Thanks to a dramatic operation by U.S. military and intelligence agencies in Libya over the weekend, a suspected Al Qaeda figure indicted in the 1998 bombings of two U.S. embassies in Africa will finally face American justice. The capture of Abu Anas al Liby — and a raid the same day on the home of a leader of Al Qaeda's affiliate in Somalia — suggest that the Obama administration is willing to incur the risks necessary to take some alleged terrorists alive. That may signal an overdue shift away from a controversial and counterproductive policy of targeted killings.
Nevertheless, if it is not handled correctly, the capture of Al Liby could provoke a backlash not only in Libya but also from nations that remember the George W. Bush administration's policy of "extraordinary rendition," under which suspected terrorists were seized and subjected to torture. Understandably, the U.S. wants to question Al Liby about Al Qaeda activities in North Africa. But it needs to promptly bring him to the U.S. and afford him the protections of criminal law. The Pentagon said he was "currently lawfully detained by the U.S. military in a secure location outside of Libya." (The New York Times reported he was being held on a U.S. Navy ship in the Mediterranean.)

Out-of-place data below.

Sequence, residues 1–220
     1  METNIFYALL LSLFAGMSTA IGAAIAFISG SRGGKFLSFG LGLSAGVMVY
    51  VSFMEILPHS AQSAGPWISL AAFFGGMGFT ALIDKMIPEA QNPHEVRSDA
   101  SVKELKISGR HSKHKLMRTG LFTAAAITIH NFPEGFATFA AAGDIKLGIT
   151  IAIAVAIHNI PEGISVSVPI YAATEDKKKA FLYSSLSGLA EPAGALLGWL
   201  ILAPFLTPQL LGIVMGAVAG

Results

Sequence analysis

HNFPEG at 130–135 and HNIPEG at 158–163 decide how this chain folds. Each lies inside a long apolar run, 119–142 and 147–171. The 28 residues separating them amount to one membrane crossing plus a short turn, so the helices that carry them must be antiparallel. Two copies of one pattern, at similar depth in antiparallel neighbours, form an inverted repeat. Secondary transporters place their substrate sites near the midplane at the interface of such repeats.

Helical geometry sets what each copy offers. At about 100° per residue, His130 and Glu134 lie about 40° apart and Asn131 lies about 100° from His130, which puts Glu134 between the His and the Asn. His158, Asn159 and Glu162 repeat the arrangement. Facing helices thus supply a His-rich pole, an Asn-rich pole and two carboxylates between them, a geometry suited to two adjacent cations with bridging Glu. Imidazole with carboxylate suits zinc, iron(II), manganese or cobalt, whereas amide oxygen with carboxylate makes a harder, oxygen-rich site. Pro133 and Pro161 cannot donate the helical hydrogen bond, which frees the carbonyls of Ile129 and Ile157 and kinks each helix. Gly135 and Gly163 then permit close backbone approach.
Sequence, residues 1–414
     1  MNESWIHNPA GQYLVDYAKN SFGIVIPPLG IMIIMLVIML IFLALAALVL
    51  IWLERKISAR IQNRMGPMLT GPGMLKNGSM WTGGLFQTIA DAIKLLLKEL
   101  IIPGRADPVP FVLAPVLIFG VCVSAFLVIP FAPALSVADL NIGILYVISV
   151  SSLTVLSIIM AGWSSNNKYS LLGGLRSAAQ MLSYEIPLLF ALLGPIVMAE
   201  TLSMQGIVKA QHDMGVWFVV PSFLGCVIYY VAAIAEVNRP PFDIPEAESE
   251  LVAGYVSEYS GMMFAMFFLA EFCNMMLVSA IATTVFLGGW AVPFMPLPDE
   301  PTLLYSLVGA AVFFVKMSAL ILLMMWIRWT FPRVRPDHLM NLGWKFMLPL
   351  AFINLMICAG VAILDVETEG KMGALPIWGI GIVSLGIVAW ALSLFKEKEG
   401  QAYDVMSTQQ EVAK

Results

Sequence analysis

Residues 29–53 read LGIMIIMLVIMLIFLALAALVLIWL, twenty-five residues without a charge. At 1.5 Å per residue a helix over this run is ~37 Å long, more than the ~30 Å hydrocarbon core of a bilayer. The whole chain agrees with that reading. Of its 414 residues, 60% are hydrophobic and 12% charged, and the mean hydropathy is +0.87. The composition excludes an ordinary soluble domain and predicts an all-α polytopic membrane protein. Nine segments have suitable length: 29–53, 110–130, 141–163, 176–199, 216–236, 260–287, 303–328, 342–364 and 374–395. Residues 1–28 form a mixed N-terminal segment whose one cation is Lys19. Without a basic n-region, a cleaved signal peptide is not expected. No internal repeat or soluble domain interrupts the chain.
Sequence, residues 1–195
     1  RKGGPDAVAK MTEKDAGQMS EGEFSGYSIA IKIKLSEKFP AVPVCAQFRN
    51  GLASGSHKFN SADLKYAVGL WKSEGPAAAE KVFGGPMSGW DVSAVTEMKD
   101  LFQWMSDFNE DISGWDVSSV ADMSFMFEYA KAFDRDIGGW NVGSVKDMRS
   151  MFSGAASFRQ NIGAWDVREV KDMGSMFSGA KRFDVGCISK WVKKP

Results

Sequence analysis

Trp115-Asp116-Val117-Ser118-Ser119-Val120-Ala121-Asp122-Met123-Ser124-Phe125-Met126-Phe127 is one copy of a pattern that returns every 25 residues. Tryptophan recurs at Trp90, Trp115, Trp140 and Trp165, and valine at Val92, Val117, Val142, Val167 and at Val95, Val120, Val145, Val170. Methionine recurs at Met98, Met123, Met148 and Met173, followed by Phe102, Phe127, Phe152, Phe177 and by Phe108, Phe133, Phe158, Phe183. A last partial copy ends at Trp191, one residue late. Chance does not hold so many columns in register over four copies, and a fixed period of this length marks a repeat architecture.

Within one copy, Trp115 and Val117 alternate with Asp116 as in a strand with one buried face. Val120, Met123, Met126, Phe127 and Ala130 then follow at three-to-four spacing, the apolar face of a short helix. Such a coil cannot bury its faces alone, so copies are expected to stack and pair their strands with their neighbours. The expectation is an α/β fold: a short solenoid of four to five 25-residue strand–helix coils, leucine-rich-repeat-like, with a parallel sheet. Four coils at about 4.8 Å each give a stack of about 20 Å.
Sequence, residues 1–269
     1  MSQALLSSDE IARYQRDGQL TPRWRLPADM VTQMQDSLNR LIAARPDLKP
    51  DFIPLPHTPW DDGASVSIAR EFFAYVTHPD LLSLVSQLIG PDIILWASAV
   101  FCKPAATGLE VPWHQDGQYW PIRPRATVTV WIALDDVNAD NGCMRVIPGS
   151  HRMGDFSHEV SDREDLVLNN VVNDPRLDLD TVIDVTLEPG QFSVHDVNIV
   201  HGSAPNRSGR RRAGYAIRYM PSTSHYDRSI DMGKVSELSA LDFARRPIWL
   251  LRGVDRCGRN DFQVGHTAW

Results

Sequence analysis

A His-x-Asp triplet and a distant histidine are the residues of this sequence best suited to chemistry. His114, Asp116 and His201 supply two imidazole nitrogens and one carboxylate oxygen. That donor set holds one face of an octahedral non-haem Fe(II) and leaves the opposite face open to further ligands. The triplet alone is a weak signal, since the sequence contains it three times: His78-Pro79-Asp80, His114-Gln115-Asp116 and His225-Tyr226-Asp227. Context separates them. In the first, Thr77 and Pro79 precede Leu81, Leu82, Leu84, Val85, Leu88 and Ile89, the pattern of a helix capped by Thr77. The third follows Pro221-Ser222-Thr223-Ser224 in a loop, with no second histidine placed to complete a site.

To his credit, President Obama has prohibited the use of "enhanced interrogation" methods such as waterboarding — i.e., torture — that were employed in now-closed secret Central Intelligence Agency prisons overseas. But suspicions linger about whether this country is abiding by international human rights standards.
For instance, although the administration has expressed a preference for trying prominent terrorism suspects in civilian court, it has put some suspects on trial before military commissions and claimed the right to hold dozens of other detainees indefinitely without trial. (In May, Obama said the status of those prisoners could be resolved "consistent with our commitment to the rule of law," but no such solution has been announced.) In another troubling development, the U.S. has delayed informing some suspected terrorists — including accused Boston Marathon bomber Dzhokhar Tsarnaev, a U.S. citizen — of their rights under an elastic interpretation of the "public safety exception" to the Miranda rule.